The effects of inflammation on heart rate and rhythm in a canine model of cardiac surgery.
ABSTRACT Heart rate (HR) and rhythm disturbances are common after cardiac surgery. This study tests the hypothesis that the inflammation caused by cardiac surgery is an underlying mechanism for postoperative changes in HR, rhythm, and HR variability (HRV).
Normal canines (n = 6 per group) were divided into 4 groups: (1) anesthesia, (2) sternotomy and pericardiotomy, (3) atriotomy, and (4) corticosteroids combined with an atriotomy. Continuous electrocardiographic recordings were done preoperatively and for 3 postoperative days. Electrophysiologic testing was done at the initial and terminal surgeries. C-reactive protein level was assessed at each study day, and tissue myeloperoxidase activity was assessed at the terminal study. Measurements of HRV were determined daily to detect changes in autonomic tone. Postoperatively, the HR increased in the pericardiotomy (P = .0005) and atriotomy (P = .001) groups and HRV decreased in both the groups. No significant change occurred in either the HR or HRV in the anesthesia (P = .52) and steroid (P = .16) groups. HRV (triangular index) on postoperative day 3 was correlated with the tissue myeloperoxidase levels (r = -.83; P = .0004). Autonomic blockade with atropine and esmolol resulted in an HR and HRV that were not significantly different between groups. Atrial premature beats occurred postoperatively in the all the groups except the anesthesia group and were independent of the degree of inflammation.
Cardiac surgery increases the postoperative HR by reducing HRV, mostly because of a reduction in vagal tone. Furthermore, the magnitude of these changes is dependent on the degree of inflammation and is normalized by corticosteroids.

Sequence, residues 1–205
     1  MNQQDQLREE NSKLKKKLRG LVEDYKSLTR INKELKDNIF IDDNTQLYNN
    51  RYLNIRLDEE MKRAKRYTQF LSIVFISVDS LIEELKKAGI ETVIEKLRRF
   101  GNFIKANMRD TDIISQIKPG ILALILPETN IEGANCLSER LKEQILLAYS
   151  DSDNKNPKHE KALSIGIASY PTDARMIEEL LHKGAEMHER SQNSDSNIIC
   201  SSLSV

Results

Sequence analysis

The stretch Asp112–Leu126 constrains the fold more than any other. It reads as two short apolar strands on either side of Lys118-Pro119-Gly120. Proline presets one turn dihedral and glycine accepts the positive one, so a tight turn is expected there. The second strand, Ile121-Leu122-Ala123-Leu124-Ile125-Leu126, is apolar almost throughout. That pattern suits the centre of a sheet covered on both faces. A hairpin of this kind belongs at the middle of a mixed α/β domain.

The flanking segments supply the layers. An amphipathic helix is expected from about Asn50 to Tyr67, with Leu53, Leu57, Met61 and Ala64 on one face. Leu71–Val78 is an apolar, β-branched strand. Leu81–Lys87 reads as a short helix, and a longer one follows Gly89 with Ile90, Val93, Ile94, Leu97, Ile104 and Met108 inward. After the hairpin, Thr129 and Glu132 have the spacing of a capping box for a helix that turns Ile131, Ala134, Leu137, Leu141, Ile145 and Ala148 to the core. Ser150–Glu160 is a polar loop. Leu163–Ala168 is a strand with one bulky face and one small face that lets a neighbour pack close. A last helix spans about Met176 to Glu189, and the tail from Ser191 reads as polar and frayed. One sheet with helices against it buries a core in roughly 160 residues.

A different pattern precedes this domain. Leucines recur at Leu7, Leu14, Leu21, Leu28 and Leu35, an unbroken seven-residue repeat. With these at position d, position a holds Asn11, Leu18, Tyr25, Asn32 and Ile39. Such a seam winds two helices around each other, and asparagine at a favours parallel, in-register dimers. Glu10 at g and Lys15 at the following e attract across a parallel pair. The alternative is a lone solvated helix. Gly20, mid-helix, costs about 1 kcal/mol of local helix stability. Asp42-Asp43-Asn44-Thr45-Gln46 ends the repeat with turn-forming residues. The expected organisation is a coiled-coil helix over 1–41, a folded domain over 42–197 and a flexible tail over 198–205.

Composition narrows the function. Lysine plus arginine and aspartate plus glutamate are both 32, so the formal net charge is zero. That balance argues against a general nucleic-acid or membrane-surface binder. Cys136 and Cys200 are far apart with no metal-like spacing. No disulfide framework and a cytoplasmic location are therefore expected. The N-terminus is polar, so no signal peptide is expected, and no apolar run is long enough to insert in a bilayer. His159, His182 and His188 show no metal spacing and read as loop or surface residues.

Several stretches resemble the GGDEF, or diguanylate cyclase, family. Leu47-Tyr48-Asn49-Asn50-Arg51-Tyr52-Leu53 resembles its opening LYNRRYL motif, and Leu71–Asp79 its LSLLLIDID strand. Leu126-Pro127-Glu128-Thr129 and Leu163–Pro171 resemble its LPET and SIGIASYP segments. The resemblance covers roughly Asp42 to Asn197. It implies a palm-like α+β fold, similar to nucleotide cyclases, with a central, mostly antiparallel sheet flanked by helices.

[show abstract] [hide abstract]
ABSTRACT: Impairment of the baroreceptor reflex activity reflects an alteration of the autonomous regulation of the cardiovascular system and has proven to predict fatal outcome in patients after acute myocardial infarction. The following study was performed to analyse the baroreceptor sensitivity, heart rate variability and blood pressure variability in patients early after coronary surgery. Twenty-five male patients undergoing coronary artery bypass were examined in a prospective study; normal values were obtained from healthy volunteers. Arterial pressure signals were recorded from a radial artery catheter for 30 min preoperatively and in short intervals after surgery. Mechanical manipulations and pharmacological interventions were avoided during the sampling periods. Baroreflex function was calculated according to the dual sequence method, heart rate variability and blood pressure variability were calculated including nonlinear methods. Initial values of the patients did not differ from healthy volunteers. The strength of baroreflex sensitivity (increase in blood pressure causing a synchronous decrease of heart rate) is low 2 h postoperatively. The number of delayed tachycardic changes of heart rate, which are caused by sympathetic activation, is only moderately reduced as compared to values obtained from healthy volunteers. Heart rate variability is widely unchanged as compared to preoperative values; blood pressure variability showed an increase of low-frequency components, again indicating sympathetic predominance. Nonlinear analyses revealed reduced system complexity at the beginning of the postoperative course. Obviously, there is a vagal suppression 20 h after surgery, while the sympathetic tonus works in a normal range. This unbalanced interaction of the autonomous systems is similar to findings in patients after myocardial infarction. The predictive value of these markers has to be elucidated in further clinical studies.European Journal of Cardio-Thoracic Surgery 04/2004; 25(3):320-6. · 2.55 Impact Factor